Leg Pain and EMG Testing

Q. My primary-care physician recommended a second opinion for problems with exercise intolerance because of leg pain. The doctor ordered an EMG. I didn’t understand what the test was, nor was I able to understand his interpretation of the results, which did not include treatment recommendations. I have trouble standing and walking because of muscle pain and heaviness in my legs, which gets progressively worse with exertion.

A. “The exertional pain in your legs suggests that there is something wrong with your leg muscles, the nerves supplying those muscles, or the blood supply feeding them,” says Jason Sobel, MD, the senior medical director of Capital Caring, a hospice and palliative care organization that serves southeast Maryland, northern Virginia, and the District of Columbia. “An ElectroMyoGram (EMG) measures the electrical activity of muscles. Generally speaking, different muscle and neurological diseases present with different abnormal electrical patterns. Your physician is looking for a telltale electrical pattern that would highlight the culprit causing your distressing symptoms. Unfortunately, the test may not be sensitive enough to pick up the telltale electrical pattern or be specific enough to identify one culprit out of several possibilities. That’s why it is critical to work with a physician (usually a neurologist or physiatrist) who does many EMGs and can discuss the findings with you to your satisfaction.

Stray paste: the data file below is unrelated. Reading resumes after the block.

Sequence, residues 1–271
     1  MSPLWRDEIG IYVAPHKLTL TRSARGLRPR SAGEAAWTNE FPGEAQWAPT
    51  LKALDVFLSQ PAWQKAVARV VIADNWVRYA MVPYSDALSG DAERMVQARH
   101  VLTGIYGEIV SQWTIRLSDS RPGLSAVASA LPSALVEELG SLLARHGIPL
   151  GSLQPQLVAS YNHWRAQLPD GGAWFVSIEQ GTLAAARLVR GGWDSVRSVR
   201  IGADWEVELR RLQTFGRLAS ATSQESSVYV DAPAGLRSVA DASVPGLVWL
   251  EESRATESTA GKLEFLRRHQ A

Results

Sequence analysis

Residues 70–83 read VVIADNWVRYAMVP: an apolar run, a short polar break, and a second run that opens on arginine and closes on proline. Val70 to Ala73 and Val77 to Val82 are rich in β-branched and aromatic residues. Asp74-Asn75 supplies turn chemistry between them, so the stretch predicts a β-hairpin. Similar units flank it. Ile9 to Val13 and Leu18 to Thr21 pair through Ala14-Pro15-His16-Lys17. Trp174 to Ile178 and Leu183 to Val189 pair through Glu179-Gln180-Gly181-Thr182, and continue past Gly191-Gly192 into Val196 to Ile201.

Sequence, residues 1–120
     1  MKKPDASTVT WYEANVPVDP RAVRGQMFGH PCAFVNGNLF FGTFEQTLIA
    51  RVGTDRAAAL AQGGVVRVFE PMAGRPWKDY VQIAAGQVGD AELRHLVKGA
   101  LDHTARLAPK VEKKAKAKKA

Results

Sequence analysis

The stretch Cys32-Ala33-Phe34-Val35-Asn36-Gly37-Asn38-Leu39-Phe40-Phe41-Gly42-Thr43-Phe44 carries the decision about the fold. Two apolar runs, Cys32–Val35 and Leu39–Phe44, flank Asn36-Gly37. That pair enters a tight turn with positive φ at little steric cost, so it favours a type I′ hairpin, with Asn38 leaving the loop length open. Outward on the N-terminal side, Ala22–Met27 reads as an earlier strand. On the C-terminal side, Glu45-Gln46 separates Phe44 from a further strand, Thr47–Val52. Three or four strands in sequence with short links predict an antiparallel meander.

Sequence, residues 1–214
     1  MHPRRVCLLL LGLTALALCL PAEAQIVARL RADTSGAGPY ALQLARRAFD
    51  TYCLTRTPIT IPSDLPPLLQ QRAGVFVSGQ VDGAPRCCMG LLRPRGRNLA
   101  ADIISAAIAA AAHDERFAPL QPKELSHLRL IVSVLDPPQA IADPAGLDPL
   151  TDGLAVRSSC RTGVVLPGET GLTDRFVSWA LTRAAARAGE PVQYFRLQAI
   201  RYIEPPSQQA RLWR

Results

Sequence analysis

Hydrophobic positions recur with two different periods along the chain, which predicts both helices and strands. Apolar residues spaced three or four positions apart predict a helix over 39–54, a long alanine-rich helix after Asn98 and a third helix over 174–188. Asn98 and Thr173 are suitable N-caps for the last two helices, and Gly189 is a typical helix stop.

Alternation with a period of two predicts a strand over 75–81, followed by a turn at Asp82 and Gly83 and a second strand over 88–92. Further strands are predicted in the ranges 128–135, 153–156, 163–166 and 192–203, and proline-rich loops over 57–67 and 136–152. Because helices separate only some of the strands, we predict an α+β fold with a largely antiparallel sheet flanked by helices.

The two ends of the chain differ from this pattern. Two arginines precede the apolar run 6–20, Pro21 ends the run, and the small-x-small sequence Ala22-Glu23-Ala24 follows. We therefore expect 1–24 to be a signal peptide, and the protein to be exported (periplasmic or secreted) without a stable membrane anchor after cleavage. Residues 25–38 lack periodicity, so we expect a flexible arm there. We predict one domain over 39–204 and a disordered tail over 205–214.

“Remember that EMG testing is strictly diagnostic and does not provide information pertaining to treatment. If the EMG doesn’t show anything unusual, then your physician may suggest an ultrasound (Doppler study) of the arteries supplying your leg muscles to ascertain whether poor circulation is causing your exertional pain. Once the culprit has been confidently identified, then your physician can discuss potential treatment options with you.”

Want to read more pain questions and answers? See our Pain Q&A section.

Our expert: Jackson Rainer is a board-certified clinical psychologist who practices with the Care and Counseling Center in Decatur, Georgia, helping people living with chronic illnesses. He consults with a variety of experts to answer a selection of readers’ questions in each issue of Pain-Free Living.

Have questions about living with and managing chronic pain? Email questions to [email protected]. Please put “PFL Q&A” in the subject line.

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